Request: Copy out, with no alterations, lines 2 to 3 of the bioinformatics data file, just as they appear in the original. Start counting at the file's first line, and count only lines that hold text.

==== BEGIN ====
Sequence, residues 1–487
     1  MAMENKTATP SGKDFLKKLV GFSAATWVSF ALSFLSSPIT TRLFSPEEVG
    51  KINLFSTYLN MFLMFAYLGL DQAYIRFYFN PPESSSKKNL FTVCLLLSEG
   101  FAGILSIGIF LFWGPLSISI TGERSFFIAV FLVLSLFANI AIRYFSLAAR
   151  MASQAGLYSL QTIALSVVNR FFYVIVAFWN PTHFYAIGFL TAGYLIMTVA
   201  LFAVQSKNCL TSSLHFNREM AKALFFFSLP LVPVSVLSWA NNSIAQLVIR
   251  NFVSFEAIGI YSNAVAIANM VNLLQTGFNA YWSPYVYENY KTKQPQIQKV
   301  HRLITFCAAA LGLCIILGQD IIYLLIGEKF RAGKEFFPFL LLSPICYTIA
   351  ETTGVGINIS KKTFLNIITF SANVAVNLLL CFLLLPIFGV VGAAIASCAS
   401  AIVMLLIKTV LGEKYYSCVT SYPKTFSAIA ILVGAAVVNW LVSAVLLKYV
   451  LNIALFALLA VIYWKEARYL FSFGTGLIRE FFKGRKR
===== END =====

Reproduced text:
     1  MAMENKTATP SGKDFLKKLV GFSAATWVSF ALSFLSSPIT TRLFSPEEVG
    51  KINLFSTYLN MFLMFAYLGL DQAYIRFYFN PPESSSKKNL FTVCLLLSEG